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California / Impressionism / Inspiration / Photo Log / Photography / Seascapes


Picking up from the December 31 post.

But the storm wasn’t all Rothko. Something else was afoot with the weather. Maybe Mother Nature had been listening to Duke Ellington — as I have been recently — and misinterpreted Take the “A” Train as Take the A-Frame. Or something… I don’t know…

(Nikon D850, Nikon 24-120mm f/4G VR. RAW processing in DxO PhotoLab 3.1; Editing in Adobe Photoshop.)

More seascape horizons:

The Author

California based fine-art photographer featuring abstract, impressionist, and minimalist seascapes — near and distant — and floral-based images. Fine-art photography can be seen at All original images on this blog are copyright 2018, 2019, 2020, 2021 Michael Scandling. All rights reserved. No images on this site may be copied, duplicated, reused, published, or re-purposed in any way without express permission from the copyright owner, Michael Scandling.


  1. Awesome curtain opening up for 2020, Michael. Talking about the A, please excuse me – not being a native speaker, what is AMAGA?
    All the best for the new year!

    Liked by 2 people

    • It is like a curtain opening isn’t it? I never really saw that until you mentioned it. AMAGA is the sound of a southern California girl saying oh my God. It sounds like ah mah gah. It was a joke between me and my wife many years ago and it kind of stuck. Have a magical new year full of inspiration and lovely photography.

      Liked by 1 person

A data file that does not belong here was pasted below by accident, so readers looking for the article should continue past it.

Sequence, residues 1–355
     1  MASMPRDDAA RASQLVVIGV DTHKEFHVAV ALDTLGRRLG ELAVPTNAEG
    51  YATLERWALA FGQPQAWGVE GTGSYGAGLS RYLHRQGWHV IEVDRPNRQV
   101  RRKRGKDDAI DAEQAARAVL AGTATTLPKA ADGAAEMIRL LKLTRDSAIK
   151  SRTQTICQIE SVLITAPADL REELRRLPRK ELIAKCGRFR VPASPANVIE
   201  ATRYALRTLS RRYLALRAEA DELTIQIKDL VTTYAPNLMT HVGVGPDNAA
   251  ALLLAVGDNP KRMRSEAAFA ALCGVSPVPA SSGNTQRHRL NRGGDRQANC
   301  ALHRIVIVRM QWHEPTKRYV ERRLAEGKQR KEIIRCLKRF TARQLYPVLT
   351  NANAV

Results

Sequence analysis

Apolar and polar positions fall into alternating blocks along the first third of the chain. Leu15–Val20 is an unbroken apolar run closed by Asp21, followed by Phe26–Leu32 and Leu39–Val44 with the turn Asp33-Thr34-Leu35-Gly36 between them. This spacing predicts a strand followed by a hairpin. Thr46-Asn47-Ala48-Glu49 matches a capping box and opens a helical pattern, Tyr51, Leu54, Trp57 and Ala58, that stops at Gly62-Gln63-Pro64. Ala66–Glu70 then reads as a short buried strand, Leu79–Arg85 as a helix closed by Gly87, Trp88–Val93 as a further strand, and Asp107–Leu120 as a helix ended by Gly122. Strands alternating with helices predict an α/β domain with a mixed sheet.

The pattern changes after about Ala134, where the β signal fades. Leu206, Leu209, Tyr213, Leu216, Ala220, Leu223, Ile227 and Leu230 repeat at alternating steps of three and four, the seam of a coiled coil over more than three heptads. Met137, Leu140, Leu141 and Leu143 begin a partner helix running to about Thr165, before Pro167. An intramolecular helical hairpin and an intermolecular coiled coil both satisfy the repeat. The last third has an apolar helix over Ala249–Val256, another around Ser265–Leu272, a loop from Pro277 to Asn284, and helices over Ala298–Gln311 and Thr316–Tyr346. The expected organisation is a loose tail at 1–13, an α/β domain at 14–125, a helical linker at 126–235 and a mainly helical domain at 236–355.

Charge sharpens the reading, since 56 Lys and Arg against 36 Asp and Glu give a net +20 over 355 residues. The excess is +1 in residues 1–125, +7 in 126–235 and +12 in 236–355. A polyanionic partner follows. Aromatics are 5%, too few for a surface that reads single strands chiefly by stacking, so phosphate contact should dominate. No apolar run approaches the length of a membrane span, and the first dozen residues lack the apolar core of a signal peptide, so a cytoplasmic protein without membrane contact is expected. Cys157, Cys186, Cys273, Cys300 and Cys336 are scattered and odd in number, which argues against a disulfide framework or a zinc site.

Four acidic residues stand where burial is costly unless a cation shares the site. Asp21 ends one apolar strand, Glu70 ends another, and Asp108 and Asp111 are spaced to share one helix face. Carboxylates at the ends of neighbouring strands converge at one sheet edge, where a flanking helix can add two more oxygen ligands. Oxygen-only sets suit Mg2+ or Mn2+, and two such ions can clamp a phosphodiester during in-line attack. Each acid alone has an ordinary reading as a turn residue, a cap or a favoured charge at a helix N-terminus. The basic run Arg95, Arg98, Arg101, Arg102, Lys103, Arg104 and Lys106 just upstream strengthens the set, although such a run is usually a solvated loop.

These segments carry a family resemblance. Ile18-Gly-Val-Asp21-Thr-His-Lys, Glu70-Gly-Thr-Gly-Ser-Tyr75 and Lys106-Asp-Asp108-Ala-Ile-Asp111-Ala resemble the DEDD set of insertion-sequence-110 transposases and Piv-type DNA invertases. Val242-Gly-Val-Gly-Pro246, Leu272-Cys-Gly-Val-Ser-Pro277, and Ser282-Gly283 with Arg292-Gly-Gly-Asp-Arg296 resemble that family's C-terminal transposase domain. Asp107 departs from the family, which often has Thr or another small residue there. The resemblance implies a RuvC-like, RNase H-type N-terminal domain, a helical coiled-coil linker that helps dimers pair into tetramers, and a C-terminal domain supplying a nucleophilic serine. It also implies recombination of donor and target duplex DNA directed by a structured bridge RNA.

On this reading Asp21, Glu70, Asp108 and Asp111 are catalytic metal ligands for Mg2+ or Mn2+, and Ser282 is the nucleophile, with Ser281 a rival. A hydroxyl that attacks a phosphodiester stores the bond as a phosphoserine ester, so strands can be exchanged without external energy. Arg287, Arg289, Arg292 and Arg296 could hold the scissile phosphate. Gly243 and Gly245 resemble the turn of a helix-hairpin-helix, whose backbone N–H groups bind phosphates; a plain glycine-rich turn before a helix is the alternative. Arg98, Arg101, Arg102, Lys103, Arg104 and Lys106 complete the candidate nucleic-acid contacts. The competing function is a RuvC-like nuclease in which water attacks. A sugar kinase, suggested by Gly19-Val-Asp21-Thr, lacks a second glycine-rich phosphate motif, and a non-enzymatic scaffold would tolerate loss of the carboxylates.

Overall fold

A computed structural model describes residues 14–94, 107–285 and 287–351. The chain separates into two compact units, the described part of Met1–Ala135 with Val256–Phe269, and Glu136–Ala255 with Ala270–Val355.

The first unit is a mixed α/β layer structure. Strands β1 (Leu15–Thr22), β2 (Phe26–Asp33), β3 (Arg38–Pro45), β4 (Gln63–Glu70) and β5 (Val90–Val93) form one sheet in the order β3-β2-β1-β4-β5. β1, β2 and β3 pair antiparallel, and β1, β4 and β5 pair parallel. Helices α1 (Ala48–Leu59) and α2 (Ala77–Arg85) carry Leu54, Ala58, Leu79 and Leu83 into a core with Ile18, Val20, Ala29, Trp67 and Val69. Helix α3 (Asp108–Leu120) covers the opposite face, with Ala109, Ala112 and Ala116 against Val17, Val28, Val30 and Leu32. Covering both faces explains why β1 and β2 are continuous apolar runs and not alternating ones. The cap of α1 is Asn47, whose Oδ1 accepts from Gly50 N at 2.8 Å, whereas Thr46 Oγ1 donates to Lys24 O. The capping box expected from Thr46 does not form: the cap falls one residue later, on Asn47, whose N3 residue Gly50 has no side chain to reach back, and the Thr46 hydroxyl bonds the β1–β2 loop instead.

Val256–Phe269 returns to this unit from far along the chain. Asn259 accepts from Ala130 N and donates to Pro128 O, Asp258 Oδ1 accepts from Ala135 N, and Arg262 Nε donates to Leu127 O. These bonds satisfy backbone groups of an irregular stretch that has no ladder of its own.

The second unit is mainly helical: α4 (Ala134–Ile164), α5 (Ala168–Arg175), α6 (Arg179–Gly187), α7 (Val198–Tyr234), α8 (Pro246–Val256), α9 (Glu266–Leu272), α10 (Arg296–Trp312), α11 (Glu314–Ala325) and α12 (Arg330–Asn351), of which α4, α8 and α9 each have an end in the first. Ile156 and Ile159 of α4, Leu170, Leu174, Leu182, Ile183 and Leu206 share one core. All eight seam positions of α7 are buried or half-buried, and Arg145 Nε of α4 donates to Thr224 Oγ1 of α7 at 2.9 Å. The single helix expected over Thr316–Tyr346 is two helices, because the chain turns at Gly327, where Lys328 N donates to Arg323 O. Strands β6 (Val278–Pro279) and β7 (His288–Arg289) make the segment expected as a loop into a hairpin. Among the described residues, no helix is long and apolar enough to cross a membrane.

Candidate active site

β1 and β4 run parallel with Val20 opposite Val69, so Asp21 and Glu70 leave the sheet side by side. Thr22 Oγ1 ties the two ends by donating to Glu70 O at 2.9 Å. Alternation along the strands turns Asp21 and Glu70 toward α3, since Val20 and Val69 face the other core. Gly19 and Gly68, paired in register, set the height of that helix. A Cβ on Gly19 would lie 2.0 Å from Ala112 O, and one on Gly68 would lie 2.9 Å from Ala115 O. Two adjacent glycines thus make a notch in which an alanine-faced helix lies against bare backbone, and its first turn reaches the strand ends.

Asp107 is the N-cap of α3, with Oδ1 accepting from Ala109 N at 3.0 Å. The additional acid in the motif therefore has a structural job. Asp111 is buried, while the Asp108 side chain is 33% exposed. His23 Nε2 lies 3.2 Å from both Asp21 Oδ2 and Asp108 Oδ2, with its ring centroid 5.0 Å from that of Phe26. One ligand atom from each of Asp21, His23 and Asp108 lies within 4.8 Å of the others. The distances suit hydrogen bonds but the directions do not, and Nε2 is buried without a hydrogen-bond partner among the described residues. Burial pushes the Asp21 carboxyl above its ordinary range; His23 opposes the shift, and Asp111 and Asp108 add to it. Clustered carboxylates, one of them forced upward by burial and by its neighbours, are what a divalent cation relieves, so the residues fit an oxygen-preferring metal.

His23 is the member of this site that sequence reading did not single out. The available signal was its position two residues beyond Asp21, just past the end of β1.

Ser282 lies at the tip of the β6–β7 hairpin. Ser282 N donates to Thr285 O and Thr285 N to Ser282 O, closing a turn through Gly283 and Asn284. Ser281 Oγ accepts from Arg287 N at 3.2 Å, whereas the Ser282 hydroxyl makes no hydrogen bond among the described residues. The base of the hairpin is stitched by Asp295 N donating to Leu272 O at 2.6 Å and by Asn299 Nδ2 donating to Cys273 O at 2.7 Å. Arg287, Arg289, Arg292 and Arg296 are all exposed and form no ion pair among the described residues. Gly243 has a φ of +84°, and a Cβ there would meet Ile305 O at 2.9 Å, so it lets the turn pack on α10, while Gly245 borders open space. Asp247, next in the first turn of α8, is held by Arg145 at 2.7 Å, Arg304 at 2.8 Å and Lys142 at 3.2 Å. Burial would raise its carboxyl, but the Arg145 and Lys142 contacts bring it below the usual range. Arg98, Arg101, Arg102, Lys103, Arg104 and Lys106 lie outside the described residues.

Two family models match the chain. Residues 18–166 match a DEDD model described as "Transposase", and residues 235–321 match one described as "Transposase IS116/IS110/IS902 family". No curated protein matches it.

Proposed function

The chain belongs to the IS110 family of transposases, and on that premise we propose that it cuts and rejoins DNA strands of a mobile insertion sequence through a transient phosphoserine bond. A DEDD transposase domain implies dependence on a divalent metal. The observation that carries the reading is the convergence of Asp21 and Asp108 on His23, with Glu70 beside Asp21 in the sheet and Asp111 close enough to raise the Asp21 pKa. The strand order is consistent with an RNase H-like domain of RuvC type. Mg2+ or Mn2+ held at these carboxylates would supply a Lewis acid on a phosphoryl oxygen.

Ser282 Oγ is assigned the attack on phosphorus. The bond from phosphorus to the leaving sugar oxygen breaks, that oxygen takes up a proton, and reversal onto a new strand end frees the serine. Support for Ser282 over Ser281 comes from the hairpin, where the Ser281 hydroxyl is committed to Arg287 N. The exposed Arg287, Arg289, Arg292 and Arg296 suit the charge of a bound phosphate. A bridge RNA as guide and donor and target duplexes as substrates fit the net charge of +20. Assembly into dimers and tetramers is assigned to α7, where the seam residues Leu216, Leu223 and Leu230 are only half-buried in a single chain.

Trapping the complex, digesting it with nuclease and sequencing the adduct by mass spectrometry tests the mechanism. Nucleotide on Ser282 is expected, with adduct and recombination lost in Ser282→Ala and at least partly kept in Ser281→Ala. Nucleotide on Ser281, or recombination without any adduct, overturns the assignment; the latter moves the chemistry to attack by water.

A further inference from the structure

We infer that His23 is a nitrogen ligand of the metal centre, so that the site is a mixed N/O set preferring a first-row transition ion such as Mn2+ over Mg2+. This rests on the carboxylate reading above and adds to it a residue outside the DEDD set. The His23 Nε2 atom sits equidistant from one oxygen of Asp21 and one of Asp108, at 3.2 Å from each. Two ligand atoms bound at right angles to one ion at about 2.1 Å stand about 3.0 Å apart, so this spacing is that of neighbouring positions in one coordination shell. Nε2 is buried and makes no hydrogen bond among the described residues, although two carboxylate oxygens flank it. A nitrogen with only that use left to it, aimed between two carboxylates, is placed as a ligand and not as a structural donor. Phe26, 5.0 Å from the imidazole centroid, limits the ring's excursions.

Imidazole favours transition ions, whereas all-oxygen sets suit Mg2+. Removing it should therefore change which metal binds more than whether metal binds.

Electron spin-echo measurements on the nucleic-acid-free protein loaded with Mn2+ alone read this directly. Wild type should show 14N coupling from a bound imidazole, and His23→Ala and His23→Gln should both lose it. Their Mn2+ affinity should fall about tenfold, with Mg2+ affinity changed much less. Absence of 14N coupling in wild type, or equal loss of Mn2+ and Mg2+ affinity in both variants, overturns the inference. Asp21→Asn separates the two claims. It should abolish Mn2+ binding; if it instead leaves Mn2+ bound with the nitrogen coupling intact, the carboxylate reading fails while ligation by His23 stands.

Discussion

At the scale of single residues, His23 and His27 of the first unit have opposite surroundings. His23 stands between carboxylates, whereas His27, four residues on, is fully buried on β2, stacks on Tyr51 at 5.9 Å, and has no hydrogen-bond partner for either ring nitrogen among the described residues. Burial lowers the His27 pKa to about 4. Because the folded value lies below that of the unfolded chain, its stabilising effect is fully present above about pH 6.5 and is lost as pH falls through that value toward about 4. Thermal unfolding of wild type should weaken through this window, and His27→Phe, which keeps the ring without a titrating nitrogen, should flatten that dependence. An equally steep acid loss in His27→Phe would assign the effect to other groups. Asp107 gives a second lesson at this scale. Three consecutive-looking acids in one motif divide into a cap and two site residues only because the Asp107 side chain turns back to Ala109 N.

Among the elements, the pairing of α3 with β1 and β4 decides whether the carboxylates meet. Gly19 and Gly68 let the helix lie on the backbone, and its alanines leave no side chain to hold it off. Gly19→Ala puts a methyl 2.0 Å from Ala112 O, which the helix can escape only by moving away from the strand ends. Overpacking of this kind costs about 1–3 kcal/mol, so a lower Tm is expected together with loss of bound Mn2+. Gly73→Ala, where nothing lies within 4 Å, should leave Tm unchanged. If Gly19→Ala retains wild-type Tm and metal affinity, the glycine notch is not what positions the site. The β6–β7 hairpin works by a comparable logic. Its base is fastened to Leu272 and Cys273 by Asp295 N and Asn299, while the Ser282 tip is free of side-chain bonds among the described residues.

2. Unlike the first two commenters, I didn’t see a curtain. My eyes went immediately to the slanting rays and thought about the fact that we could follow any two of them to their point of intersection, and there would be the sun.

    Liked by 1 person

  3. That almost-imperceptible line of what I take to be sunlit water makes the image for me, along with the spreading rays created by a different, invisible cloud.

    Liked by 1 person

    • Thank you very much, Linda. That almost imperceptible line took a bit of work to bring out in post processing. One of my favorite things about Seascape horizons is the scrape of sunlight at or near the horizon. The ultimate expression might be in my posts called Getting Sketchy, Thankful Thursday, Palate Cleanser, and Scrape. The spreading rays were a really big feature of this storm in its later stages. I’ve seen that in previous storms as well. I’ll probably post one of those from several years ago, at some point. Stay tuned for something completely different.


  4. Like Linda, I was drawn to the bright line in the distance. We had exactly that phenomenon here, just the other day. Although it’s not the ocean, the Salish Sea often looks like the ocean, because it’s so big, and the light plays some of the same games it plays out on the ocean. Ever-fascinating.

    Liked by 1 person

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